Looking for an inexpensive way to enter the world of nonlinear editing? At the DCI Internet Expo held in San Jose in February, a couple of manufacturers showed products aimed at you. Intel showed its Smart Video Recorder III, a low-end PCI video capture board. And the Winnov company showed its audio-video capture board, the Videum AV. Both boards sell for about $200.
Like previous Intel capture boards, the Smart Video Recorder III uses the Indeo software codec to digitize and compress video for storage on hard drives. Unlike the performance in previous versions–largely limited to 15 frames per second at 320×240 pixels–that of Smart Video Recorder III scales itself to the machine in which it lives. On a Pentium 90 it could approach 30 frames per second at 320×240 pixels; on an MMX Pentium 200 it could approach 15 frames per second at full screen (640×480) display. Recorder III does not capture audio; you would have to have a sound capture board in your computer to capture your video’s sound track. But if you’d like to just dip your toe into the ocean of nonlinear editing, you might find the $200 price tag just right for you.
The Winnov company’s audio-video capture board, the Videum AV, is an inexpensive device that installs easily into PCs because it requires no DMA or IRQ addresses (the bane of computer users who try to install expansion boards into their machines). The Videum can run on any Windows 3.11, Windows 95 or Windows NT machine. As this board captures audio along with the video, it eliminates the need to install a sound capture board and lessens the lip synch problems that plague some low-cost capture devices. The Videum uses a proprietary intraframe codec, and delivers standard Video for Windows (.avi) files. The Videum provides no better than 352×240-pixel video at 30 frames per second, so don’t expect to use it to make full-screen VHS video. Nevertheless, like the Intel Smart Video Recorder III, it could be just the thing for giving you a taste of nonlinear editing–say for short productions designed for your Web site. The board can also be used with such programs as CU-SeeMe and VDOnet for video conferencing.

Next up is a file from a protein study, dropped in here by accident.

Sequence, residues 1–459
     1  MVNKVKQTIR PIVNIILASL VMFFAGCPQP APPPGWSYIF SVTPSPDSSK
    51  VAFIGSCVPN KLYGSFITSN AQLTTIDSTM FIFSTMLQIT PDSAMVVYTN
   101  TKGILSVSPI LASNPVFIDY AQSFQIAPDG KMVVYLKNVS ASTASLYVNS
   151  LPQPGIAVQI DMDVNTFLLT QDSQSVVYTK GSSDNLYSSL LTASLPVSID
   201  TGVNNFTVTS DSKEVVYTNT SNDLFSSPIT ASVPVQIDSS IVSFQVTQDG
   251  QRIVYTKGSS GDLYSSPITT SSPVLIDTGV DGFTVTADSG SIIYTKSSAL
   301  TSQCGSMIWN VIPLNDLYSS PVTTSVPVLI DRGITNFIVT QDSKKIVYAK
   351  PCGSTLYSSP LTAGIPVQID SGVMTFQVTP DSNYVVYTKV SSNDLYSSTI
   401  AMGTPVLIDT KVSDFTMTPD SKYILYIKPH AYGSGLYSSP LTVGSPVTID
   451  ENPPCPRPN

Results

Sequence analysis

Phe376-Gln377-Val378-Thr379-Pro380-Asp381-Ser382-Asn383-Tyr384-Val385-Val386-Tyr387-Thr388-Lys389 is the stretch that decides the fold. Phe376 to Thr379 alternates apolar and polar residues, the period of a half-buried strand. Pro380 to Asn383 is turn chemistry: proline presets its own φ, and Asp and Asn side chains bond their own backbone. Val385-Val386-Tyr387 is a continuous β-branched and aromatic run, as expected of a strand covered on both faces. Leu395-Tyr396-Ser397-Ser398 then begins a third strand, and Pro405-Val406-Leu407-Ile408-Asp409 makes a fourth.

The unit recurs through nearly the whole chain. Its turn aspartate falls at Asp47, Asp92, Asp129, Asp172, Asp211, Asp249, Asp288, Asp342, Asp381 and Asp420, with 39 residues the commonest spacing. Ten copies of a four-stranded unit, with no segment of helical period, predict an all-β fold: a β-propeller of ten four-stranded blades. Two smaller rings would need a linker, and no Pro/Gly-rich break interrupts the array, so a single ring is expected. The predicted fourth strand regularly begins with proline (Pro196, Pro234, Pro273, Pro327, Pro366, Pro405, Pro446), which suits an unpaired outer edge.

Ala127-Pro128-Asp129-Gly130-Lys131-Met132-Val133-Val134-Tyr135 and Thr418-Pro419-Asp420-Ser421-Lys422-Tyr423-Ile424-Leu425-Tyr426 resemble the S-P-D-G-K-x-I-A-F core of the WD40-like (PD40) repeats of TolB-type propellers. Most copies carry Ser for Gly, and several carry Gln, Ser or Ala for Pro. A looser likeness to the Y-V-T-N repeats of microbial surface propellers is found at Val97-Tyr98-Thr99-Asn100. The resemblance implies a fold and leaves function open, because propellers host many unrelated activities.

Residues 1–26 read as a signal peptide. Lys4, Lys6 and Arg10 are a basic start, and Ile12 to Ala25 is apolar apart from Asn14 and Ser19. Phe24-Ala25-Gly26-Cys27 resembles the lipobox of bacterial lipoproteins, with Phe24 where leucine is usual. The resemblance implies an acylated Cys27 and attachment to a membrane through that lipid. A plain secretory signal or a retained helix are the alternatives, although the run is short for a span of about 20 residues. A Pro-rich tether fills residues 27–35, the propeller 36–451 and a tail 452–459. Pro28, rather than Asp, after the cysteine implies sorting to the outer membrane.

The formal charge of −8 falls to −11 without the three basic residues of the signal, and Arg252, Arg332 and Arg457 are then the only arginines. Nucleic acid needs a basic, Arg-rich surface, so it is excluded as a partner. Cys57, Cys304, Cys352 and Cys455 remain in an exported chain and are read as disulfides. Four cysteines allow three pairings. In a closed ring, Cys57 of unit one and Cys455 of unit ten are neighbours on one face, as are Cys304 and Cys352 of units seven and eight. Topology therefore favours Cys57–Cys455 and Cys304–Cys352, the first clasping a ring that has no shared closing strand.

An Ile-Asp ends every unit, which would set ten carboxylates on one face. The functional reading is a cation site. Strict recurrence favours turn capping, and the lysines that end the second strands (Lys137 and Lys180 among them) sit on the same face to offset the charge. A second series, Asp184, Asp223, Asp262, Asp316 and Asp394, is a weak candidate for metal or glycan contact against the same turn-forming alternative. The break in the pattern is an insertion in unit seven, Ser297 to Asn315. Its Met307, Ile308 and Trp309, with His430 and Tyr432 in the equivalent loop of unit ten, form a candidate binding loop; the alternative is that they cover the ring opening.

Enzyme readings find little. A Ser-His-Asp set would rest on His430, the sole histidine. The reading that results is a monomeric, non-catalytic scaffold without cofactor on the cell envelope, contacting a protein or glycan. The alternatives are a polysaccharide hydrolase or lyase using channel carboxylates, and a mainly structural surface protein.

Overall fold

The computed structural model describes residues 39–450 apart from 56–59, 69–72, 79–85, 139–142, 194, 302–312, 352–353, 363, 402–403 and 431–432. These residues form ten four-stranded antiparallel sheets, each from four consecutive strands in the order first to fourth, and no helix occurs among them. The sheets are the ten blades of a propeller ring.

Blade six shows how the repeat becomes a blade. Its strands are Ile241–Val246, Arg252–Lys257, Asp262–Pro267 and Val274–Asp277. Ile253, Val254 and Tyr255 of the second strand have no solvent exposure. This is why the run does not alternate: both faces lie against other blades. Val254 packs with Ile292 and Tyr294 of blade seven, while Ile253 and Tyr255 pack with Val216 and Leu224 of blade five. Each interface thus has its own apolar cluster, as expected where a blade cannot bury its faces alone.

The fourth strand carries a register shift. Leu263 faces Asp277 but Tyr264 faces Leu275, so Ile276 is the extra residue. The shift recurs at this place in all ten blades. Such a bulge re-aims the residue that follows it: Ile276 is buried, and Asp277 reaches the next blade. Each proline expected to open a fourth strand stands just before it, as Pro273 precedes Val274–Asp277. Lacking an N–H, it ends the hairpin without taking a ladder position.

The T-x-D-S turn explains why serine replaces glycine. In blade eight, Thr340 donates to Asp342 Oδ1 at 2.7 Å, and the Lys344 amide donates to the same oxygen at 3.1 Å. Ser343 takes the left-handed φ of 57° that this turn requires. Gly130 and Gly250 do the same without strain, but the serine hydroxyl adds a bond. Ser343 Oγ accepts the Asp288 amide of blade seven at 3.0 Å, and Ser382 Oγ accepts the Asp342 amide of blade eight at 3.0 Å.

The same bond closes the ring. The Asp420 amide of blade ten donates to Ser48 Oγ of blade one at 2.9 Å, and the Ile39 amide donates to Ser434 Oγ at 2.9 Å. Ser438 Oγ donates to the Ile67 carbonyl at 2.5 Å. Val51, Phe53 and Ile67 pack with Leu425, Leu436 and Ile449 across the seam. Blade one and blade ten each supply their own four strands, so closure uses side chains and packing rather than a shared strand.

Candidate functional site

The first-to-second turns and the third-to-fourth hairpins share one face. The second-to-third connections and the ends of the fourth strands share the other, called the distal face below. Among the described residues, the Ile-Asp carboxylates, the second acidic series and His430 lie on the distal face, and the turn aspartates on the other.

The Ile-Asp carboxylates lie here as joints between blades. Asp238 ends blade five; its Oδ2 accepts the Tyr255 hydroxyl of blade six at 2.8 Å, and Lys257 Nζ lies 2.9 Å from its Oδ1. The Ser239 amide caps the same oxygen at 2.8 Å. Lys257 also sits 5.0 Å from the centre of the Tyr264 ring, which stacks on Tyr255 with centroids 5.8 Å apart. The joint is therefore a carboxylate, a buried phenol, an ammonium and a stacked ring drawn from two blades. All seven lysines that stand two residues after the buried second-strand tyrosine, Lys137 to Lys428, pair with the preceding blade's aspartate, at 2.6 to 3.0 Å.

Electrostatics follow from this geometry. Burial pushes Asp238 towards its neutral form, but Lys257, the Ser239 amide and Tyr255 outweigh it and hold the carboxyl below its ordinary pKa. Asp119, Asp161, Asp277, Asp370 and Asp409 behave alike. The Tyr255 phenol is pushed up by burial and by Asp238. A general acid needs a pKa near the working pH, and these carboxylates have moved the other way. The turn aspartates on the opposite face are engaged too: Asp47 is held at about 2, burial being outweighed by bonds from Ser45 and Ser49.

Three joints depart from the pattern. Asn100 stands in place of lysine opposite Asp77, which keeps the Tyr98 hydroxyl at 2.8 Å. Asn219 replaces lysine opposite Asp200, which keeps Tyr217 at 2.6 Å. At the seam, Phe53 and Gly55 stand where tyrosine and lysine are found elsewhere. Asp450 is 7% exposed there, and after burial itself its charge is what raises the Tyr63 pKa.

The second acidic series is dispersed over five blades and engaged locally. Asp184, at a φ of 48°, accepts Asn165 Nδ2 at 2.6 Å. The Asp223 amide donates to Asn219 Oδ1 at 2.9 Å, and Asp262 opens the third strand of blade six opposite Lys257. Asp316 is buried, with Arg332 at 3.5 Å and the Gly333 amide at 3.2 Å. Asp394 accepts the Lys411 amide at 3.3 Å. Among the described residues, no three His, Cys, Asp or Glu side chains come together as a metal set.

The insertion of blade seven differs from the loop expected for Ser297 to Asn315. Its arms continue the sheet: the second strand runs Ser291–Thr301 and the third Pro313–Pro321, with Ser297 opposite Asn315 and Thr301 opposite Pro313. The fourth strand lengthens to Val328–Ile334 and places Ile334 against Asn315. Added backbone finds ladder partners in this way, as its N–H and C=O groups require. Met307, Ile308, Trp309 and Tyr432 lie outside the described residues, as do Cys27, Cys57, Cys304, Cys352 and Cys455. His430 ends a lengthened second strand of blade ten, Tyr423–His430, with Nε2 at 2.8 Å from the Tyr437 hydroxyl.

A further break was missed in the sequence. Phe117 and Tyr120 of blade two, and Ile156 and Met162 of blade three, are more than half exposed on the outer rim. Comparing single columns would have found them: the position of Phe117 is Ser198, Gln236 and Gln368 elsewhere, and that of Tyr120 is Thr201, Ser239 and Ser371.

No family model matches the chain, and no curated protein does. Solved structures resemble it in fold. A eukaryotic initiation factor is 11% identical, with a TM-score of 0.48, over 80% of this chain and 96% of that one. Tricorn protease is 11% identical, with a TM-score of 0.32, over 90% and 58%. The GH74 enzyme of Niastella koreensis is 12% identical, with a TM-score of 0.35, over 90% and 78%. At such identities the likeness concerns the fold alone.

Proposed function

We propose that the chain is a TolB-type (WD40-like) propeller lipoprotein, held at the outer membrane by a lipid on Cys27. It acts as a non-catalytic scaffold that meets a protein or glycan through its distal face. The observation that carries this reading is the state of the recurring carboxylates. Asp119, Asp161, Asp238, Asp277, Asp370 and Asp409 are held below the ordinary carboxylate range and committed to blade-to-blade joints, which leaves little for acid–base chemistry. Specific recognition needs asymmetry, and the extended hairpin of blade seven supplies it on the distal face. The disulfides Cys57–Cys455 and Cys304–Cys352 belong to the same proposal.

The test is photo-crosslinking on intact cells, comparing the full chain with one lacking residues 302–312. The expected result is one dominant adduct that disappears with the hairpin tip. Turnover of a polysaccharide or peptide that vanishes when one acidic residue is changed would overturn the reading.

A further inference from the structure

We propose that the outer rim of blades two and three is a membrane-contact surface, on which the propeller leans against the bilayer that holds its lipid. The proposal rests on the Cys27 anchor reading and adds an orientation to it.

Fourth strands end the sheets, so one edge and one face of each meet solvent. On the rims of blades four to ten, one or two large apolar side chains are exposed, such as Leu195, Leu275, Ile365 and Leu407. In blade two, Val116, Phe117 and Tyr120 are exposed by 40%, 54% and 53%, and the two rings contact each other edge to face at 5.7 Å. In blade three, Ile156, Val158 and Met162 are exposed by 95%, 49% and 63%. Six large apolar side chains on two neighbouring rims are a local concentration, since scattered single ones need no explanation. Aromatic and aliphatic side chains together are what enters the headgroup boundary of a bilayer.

Matrox Graphics, Inc. has released a snap-on module for its Mystique graphics accelerator that can turn a Pentium PC into a full-blown nonlinear editing system. The Rainbow Runner Studio hardware/software add-on and the host Mystique graphics card together offer full-screen, full-color, full-motion video capture and editing for a combined price of about $500.
Rainbow Runner Studio captures composite or Y/C video at 60 fields per second at a maximum resolution of 720×486 pixels and compresses it with the MJPEG codec. Hard-disk space consumption is estimated at about 60 megabytes per minute for VHS-quality and 120 megabytes per minute for S-VHS-quality video.
The module is bundled with Ulead’s Media Studio nonlinear-editing and special-effects software package, Matrox PowerRemote and Ulead’s iPhoto Express for capturing and editing still images, and Ulead’s MPEG1 encoder software.
Minimum system requirements include a 90MHz Pentium PC running Windows 95, 16MB of RAM, 300MB of free hard-disk space, a CD-ROM drive for software installation and a sound card for audio capture and playback. Matrox recommends a 133MHz or better Pentium with 32MB of RAM and 2GB of free hard-disk space.